By Steve Wolfgang
Footnote John Augustus Williams, The Life of Elder John Smith (Cincinnati: Standard Publishing Company, n.d.), pp. 412-413.
He [Smith) was once discussing the question of spiritual influence in conversion, with a worthy Baptist preacher who lived in Lincoln County, near Stanford. His opponent had denied that the sinner could believe the gospel on the simple testimony of the inspired witnesses, contending that in his natural (which meant his unconverted) state, he could not receive the testimony of such witnesses, for the Scriptures plainly declare that the natural, or unconverted, man receiveth not the things of the Spirit of God. But he claimed that the Spirit wielded a sword, with which he opened the sinner’s heart; and he founded a specious argument on that metaphor of Paul. In reply to this argument Smith said:
If the brother’s position be correct, then it follows that no man will ever be converted while the world stands. No sinner can be converted by the Spirit alone, for Jesus declares that the world cannot receive it; neither can he, according to the brother’s theology, be converted by the words and testimony of the Spirit; for the unconverted, he says, cannot receive these things of the Spirit. If, then, the poor sinner can receive neither the Spirit, nor the words of the Spirit, by what sort of hocus-pocus is he to be converted at all?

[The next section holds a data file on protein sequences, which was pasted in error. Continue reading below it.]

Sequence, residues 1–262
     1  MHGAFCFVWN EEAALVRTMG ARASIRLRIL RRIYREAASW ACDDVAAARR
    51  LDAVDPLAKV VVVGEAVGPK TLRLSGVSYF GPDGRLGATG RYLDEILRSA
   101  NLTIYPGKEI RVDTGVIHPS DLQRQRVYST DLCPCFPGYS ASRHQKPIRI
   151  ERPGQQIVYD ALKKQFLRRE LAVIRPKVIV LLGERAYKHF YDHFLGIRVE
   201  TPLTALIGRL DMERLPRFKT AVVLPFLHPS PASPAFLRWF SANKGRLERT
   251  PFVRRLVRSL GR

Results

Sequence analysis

True, there is a sword of the Spirit, but so called because the Spirit made it, and not because he wields it. It was made for the Christian warrior, who is commanded to take it in his own hand, and to go forth and right against Satan and error. Now, that very sword is the Word of God itself this blessed book – which my brother says the unconverted man can neither understand nor believe!
The discussion having closed the Baptist announced to the audience that, on the following Sunday, he would speak on the subject of Campbellism, at another place in the neighborhood, which he named.
Smith informed him that he could not be with him on that day, but proposed that some brother, then in the audience, should go along with him and reply; but to this his opponent would not agree. “Then,” said Smith, “I will select one of these good sisters, who will, I know, be more than able to defend the truth against all you may say.”
A deist, who was present during this discussion, and who had long rejected the gospel on the ground that while the preachers declared it to be good news, it was impossible to believe without supernatural aid, now confess that his infidelity had been only the disbelief of an error, and he now saw that the gospel was a rational thing worthy of all acceptation.
Guardian of Truth XXXII: 16, p. 490
August 18, 1988